The effects of chronic lifelong activation of the AHR pathway by industrial chemical pollutants on female human reproduction

Aldo Cavallini, Catia Lippolis, Margherita Vacca, Claudia Nardelli, Alessandra Castegna, Fabio Arnesano, Nicola Carella, Raffaella Depalo

Research output: Contribution to journalArticle

9 Citations (Scopus)

Abstract

Environmental chemicals, such as heavy metals, affect female reproductive function. A biological sensor of the signals of many toxic chemical compounds seems to be the aryl hydrocarbon receptor (AHR). Previous studies demonstrated the environmental of heavy metals in Taranto city (Italy), an area that has been influenced by anthropogenic factors such as industrial activities and waste treatments since 1986. However, the impact of these elements on female fertility in this geographic area has never been analyzed. Thus, in the present study, we evaluated the AHR pathway, sex steroid receptor pattern and apoptotic process in granulosa cells (GCs) retrieved from 30 women, born and living in Taranto, and 30 women who are living in non-contaminated areas (control group), who were undergoing in vitro fertilization (IVF) protocol. In follicular fluids (FFs) of both groups the toxic and essential heavy metals, such as chromiun (Cr), Manganese (Mn), iron (Fe), cobalt (Co), nickel (Ni), copper (Cu), zinc (Zn), cadmium (Cd) and lead (Pb), were also analyzed. Higher levels of Cr, Fe, Zn and Pb were found in the FFs of the women from Taranto as compared to the control group, as were the levels of AHR and AHR-dependent cytochrome P450 1A1 and 1B1; while CYP19A1 expression was decreased. The anti-apoptotic process found in the GCs of women fromTaranto was associated with the highest levels of progesterone receptor membrane component 1(PGRMC1), a novel progesterone receptor, the expression of which is subjected to AHR activated by its highest affinity ligands (e.g., dioxins) or indirectly by other environmental pollutants, such as heavy metals. In conclusion, decreased production of estradiol and decreased number of retrieved mature oocytes found in women from Taranto could be due to chronic exposure to heavy metals, in particular to Cr and Pb.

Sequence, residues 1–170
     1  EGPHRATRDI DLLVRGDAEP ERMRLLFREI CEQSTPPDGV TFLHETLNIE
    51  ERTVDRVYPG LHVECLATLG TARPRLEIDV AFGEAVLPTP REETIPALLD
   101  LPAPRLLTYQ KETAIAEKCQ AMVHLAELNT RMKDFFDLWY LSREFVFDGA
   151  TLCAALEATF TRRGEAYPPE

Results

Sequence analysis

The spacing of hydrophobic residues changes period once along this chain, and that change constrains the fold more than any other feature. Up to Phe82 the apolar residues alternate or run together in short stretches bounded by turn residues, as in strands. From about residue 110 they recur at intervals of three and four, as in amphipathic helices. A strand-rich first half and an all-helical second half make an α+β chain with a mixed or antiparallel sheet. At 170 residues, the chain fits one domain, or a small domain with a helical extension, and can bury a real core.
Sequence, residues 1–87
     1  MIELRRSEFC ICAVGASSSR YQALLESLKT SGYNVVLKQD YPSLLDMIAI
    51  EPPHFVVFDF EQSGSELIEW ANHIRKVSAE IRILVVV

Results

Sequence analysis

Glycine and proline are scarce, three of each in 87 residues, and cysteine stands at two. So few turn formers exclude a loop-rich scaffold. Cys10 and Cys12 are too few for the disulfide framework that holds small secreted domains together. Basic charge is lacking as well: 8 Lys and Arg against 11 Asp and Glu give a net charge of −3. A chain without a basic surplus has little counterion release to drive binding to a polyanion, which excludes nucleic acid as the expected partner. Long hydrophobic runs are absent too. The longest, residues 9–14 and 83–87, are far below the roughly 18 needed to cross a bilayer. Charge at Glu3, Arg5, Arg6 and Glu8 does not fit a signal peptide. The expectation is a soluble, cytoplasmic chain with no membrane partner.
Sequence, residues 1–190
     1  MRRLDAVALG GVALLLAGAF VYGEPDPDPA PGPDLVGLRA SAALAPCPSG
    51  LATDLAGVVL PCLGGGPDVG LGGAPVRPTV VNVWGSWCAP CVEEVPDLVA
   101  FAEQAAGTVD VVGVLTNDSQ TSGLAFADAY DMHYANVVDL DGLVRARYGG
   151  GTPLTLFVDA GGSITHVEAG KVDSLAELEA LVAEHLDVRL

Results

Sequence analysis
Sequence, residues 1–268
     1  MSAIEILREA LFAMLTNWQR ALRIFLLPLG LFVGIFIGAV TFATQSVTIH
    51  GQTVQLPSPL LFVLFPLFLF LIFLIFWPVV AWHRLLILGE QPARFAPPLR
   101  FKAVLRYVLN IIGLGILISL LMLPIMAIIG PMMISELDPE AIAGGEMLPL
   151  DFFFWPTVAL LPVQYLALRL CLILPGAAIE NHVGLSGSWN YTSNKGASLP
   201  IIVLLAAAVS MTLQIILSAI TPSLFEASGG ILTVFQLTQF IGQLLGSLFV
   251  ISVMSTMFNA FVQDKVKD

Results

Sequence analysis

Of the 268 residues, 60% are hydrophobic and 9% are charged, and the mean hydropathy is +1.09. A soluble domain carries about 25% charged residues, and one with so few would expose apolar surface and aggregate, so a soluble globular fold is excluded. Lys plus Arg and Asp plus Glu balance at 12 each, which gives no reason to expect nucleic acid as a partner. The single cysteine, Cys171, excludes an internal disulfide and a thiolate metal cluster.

Original languageEnglish
Article numbere0152181
JournalPLoS One
Volume11
Issue number3
DOIs
Publication statusPublished - Mar 1 2016

Fingerprint

human reproduction
Industrial chemicals
Aryl Hydrocarbon Receptors
Heavy Metals
Reproduction
long term effects
hydrocarbons
heavy metals
pollutants
Chemical activation
receptors
Follicular Fluid
follicular fluid
Granulosa Cells
Poisons
granulosa cells
Progesterone Receptors
Zinc
zinc
Industrial Waste

ASJC Scopus subject areas

  • Agricultural and Biological Sciences(all)
  • Biochemistry, Genetics and Molecular Biology(all)
  • Medicine(all)

Cite this

Cavallini, A., Lippolis, C., Vacca, M., Nardelli, C., Castegna, A., Arnesano, F., ... Depalo, R. (2016). The effects of chronic lifelong activation of the AHR pathway by industrial chemical pollutants on female human reproduction. PLoS One, 11(3), [e0152181]. https://doi.org/10.1371/journal.pone.0152181

The effects of chronic lifelong activation of the AHR pathway by industrial chemical pollutants on female human reproduction. / Cavallini, Aldo; Lippolis, Catia; Vacca, Margherita; Nardelli, Claudia; Castegna, Alessandra; Arnesano, Fabio; Carella, Nicola; Depalo, Raffaella.

In: PLoS One, Vol. 11, No. 3, e0152181, 01.03.2016.

Research output: Contribution to journalArticle

Cavallini, A, Lippolis, C, Vacca, M, Nardelli, C, Castegna, A, Arnesano, F, Carella, N & Depalo, R 2016, 'The effects of chronic lifelong activation of the AHR pathway by industrial chemical pollutants on female human reproduction', PLoS One, vol. 11, no. 3, e0152181. https://doi.org/10.1371/journal.pone.0152181
Cavallini, Aldo ; Lippolis, Catia ; Vacca, Margherita ; Nardelli, Claudia ; Castegna, Alessandra ; Arnesano, Fabio ; Carella, Nicola ; Depalo, Raffaella. / The effects of chronic lifelong activation of the AHR pathway by industrial chemical pollutants on female human reproduction. In: PLoS One. 2016 ; Vol. 11, No. 3.
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